On June 26, 1997, plaintiff filed his second amended complaint, alleging the same facts as in previous complaints and seeking recovery for one count of "conspiracy to defame," three counts of defamation, one count of "conspiracy to invade privacy" and one count of "conspiracy," based upon breach of fiduciary duty. Defendants filed motions to dismiss plaintiff's second amended complaint, raising, inter alia, the statute of limitations and the ecclesiastical abstention doctrine. On December 3, 1997, the circuit court granted defendants' motion, dismissing plaintiff's defamation and "conspiracy to invade privacy" claims as time-barred, but allowing plaintiff leave to amend the remainder of his complaint.

A third amended complaint was filed by plaintiff on December 31, 1997, which contained a single count entitled, "Conspiracy." Plaintiff alleged the same facts as in previous complaints and also that he relied upon statements made by Otis Temple, a member of the Body of Elders, who "falsely represented to [p]laintiff that there was nothing [plaintiff] could do to clear his name or otherwise appeal the wrongful conduct of the Defendants." Plaintiff further alleged that the acts of which he complained were in furtherance of the alleged conspiracy and "committed by the Body of Elders with knowledge of the falsity of the accusations or with a reckless disregard of such falsity and thus, with actual malice."

Defendants moved to dismiss plaintiff's third amended complaint, repeating the ground, inter alia, that plaintiff's claim was barred by the ecclesiastical abstention doctrine. Prior to ruling, the circuit court noted that plaintiff's third amended complaint alleged "no underlying tort" and, although the third amended complaint alleged a "conspiracy," it was not specific as to its nature. At the hearing on this motion, plaintiff's attorney explained to the court that plaintiff was alleging a conspiracy to defraud.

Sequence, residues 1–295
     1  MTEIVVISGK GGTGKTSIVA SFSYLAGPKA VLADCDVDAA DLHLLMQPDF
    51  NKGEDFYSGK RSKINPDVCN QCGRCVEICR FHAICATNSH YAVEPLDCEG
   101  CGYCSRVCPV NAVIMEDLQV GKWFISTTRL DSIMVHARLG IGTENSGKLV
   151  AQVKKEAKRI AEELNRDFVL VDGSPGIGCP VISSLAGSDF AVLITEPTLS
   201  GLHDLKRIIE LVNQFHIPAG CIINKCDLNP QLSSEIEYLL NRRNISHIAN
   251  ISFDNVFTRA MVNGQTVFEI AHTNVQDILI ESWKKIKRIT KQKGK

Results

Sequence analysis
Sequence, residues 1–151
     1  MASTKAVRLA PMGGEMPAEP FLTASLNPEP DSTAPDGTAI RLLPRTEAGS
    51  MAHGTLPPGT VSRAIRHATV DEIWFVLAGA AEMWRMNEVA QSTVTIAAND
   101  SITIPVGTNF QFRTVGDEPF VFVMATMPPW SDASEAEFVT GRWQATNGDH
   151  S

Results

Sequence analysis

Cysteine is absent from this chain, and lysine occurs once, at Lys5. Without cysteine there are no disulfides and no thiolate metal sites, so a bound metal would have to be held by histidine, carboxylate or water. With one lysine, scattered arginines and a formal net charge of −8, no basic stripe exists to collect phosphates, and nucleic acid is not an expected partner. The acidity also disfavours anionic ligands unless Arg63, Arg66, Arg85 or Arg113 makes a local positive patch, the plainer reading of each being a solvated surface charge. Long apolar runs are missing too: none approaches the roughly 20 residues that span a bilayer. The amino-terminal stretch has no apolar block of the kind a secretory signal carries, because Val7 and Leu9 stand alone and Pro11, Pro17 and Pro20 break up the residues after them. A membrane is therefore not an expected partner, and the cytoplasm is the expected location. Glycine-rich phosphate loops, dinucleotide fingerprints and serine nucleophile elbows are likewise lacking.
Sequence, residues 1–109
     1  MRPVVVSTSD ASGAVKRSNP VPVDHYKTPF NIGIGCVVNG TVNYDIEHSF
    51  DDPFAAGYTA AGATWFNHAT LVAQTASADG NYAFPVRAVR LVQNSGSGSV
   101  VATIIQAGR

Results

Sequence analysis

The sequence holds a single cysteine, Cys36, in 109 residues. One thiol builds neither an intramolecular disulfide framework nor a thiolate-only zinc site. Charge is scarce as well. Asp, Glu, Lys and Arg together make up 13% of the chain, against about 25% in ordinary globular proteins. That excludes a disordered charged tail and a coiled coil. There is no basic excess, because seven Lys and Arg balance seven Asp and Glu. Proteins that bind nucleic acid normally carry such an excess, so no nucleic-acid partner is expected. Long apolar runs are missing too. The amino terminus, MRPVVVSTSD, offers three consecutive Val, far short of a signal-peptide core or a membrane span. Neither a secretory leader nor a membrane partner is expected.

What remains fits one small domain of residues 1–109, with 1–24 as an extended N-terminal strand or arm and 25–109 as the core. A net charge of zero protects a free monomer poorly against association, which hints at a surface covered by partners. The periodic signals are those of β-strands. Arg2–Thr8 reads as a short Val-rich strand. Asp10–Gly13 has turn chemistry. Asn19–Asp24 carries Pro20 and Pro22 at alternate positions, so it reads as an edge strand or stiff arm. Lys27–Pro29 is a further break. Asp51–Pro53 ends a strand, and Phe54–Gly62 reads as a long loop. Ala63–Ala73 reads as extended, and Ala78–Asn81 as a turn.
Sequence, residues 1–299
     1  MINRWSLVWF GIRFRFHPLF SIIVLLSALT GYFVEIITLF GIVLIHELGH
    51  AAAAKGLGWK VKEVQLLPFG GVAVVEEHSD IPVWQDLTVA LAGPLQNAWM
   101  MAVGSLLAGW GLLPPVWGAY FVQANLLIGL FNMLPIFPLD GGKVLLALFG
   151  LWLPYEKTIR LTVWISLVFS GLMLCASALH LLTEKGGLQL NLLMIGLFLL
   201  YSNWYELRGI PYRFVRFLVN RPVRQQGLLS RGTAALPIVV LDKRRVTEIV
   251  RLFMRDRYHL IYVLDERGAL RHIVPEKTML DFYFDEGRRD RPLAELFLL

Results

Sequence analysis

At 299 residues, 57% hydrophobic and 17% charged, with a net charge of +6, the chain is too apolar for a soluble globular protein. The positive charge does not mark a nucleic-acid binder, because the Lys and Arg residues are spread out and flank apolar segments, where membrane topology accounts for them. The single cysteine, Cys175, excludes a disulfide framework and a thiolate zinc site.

On April 22, 1998, the circuit court dismissed with prejudice plaintiff's third amended complaint in its entirety. Finding that plaintiff's third amended complaint failed to allege "an underlying tort," the court dismissed the complaint. The court further held that the "demotion and the expulsion [of plaintiff] required a doctrinal decision by the [E]lders [a]nd[,] even if they knew that these statements were true, these statements in and of themselves are not right or wrong."

Plaintiff purports to appeal not only from the circuit court's April 22, 1998, order dismissing his third amended complaint, but "from previous Orders of the Court regarding Defendants' Motions to Dismiss, in favor of the Defendants."

A section 2-615 motion challenges the legal sufficiency of the complaint and admits all well-pleaded facts together with all reasonable inferences which can be drawn from those facts. American Health Care Providers, Inc. v. County of Cook, 265 Ill. App. 3d 919, 922, 638 N.E.2d 772 (1994); Lawson v. City of Chicago, 278 Ill. App. 3d 628, 634, 662 N.E.2d 1377 (1996). The issue to be considered by such a motion is whether significant facts are contained in the pleadings, which, if established, would entitle the complainant to relief. Bryson v. News America Publications, Inc., 174 Ill. 2d 77, 84, 672 N.E.2d 1207 (1996). No cause of action will be dismissed on the pleadings unless it appears clearly that no set of facts can be proved which will entitle the complainant to recovery. ...